DES MOINES, Iowa (AP) — Democratic President Barack Obama won the battleground state of Iowa Tuesday, a hard-fought victory in the state he credits with launching his presidency four years ago.
Obama and Republican Mitt Romney traveled frequently to Iowa and spent millions of dollars on advertising to win Iowa's six electoral votes.
Voters returned two incumbent Democrats and two Republicans to Congress, handing victories to Democrats Bruce Braley and Dave Loebsack, and Republicans Steve King and Tom Latham.
Voters also rebuffed an effort by conservatives to remove another state Supreme Court judge.
In the 3rd Congressional District, eight-term Democratic incumbent Leonard Boswell was voted out of a job. He was beat by nine-term incumbent Republican Latham, who moved into the Des Moines-centered district after Iowa lost a seat due to once-a-decade redistricting.
While most polling places saw no issues, large numbers of voters who registered at the polls created long lines in one county and caused a few others to run out of ballots. College students in Cedar Falls and Ames registering to vote for the first time slowed the process, creating a line of several hundred voters in a Cedar Falls precinct.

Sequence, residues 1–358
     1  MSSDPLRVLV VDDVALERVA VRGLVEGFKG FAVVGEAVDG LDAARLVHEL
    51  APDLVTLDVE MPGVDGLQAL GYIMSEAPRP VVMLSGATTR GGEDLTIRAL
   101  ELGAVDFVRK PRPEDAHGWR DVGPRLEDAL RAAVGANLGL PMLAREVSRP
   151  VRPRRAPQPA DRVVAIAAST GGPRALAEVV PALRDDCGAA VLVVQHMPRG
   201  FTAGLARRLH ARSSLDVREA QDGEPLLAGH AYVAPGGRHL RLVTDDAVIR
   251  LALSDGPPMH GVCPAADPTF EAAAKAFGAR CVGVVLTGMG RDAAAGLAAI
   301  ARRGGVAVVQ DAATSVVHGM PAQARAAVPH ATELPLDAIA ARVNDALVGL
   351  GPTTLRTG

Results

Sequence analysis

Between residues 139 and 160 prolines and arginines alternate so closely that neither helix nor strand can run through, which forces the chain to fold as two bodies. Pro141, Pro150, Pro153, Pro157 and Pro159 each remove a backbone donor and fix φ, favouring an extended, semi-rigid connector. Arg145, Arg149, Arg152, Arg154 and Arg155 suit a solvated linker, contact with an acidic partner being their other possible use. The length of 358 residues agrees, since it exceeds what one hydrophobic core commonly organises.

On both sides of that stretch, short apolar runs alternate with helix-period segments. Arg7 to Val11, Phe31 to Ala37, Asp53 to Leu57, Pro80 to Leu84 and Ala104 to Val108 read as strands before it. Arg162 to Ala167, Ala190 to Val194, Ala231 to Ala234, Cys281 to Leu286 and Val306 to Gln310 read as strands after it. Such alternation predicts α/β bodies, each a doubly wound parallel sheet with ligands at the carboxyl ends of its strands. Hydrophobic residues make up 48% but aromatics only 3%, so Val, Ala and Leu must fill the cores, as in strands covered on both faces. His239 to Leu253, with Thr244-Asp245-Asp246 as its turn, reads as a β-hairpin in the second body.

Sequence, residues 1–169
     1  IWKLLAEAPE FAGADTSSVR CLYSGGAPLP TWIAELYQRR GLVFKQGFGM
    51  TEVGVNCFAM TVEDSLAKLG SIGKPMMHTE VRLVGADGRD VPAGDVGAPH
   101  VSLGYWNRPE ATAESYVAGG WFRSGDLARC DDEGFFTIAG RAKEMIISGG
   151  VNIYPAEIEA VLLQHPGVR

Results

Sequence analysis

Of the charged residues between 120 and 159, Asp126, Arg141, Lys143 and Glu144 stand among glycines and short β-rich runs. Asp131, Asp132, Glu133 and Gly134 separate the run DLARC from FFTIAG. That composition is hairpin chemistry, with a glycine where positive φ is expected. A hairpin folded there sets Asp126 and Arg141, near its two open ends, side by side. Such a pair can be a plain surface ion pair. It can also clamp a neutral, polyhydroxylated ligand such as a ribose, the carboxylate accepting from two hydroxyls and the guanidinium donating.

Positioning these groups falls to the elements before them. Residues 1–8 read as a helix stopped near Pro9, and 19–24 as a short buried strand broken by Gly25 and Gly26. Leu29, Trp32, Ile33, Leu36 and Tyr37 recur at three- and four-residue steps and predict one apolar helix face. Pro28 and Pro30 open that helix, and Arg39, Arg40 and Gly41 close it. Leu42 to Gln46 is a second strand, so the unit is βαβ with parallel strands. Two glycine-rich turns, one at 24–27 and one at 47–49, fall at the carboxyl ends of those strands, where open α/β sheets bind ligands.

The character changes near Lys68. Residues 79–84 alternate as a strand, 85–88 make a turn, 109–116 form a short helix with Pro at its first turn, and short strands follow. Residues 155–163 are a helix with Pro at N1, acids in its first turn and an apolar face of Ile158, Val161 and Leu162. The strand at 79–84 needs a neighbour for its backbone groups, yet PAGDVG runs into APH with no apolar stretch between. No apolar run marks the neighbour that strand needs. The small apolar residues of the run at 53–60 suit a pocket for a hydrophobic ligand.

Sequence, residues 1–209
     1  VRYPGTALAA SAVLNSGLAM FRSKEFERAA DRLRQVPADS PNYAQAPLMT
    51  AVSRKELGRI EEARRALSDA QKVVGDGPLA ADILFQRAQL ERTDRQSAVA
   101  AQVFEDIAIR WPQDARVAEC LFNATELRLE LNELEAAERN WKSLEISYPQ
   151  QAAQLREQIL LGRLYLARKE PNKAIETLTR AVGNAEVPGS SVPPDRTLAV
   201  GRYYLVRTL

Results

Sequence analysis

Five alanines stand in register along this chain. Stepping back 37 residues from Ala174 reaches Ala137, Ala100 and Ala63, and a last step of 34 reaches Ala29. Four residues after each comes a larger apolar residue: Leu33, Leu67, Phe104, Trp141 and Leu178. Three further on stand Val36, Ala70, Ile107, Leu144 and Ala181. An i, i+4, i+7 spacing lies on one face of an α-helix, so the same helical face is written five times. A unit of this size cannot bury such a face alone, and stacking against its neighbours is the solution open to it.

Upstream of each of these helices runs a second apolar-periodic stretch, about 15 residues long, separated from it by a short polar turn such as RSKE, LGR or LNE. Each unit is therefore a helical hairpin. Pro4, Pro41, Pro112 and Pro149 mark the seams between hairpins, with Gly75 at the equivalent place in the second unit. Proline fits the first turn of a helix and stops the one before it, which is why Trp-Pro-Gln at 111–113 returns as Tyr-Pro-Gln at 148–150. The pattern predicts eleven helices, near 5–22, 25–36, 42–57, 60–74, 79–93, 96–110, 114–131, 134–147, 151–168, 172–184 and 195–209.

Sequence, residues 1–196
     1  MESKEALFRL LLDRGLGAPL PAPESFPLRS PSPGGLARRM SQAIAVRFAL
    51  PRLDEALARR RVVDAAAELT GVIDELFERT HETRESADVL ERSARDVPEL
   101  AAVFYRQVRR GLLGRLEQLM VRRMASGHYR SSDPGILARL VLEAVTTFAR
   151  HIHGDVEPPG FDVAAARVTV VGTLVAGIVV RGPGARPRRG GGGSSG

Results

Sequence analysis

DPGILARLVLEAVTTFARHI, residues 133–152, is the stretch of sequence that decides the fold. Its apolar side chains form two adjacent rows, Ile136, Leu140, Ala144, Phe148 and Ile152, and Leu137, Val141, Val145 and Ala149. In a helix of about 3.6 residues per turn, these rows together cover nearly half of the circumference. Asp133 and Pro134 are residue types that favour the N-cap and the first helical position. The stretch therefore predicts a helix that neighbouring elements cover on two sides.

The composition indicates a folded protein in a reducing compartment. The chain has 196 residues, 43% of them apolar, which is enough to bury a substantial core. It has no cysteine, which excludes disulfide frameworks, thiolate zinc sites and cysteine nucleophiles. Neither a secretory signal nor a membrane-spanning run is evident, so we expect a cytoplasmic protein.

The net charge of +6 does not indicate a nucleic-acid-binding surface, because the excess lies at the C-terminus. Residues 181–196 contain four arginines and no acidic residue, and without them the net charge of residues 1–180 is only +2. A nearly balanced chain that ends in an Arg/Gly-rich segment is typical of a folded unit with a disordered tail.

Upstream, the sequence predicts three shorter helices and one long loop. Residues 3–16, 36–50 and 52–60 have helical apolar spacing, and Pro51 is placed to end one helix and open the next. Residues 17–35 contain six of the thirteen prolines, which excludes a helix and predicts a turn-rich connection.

Up to 45 percent of Iowa voters cast their ballots early. Officials said more than 673,000 residents voted by the end of the day Monday — a nearly 25 percent increase over the 2008 record of just over 545,000.
On Tuesday, an unexpected number of voters registering at the polls in two Madison County precincts caused a ballot shortage. Workers made photocopies to accommodate all voters.
More than half of Iowa voters said the economy is the top issue facing the country, according to preliminary results from exit polling for The Associated Press. The deficit was the top issue for almost one-fifth of voters, the second-biggest group. Their other choices were foreign policy and health care.
Chris Barker, 25, a coffee shop manager from Des Moines said he supported Obama in 2008 and had no reason to switch to Romney.
"The only thing that he actually believes in is he's good enough to be president," Barker said of Romney. "Other than that there's not actually a core thing that Mitt Romney believes in, except that he needs to win, no matter what he has to say or do."
Des Moines real estate appraiser Brett Blanchfield, 37, said he voted for Mitt Romney largely because he thought the Republican will boost the economy.
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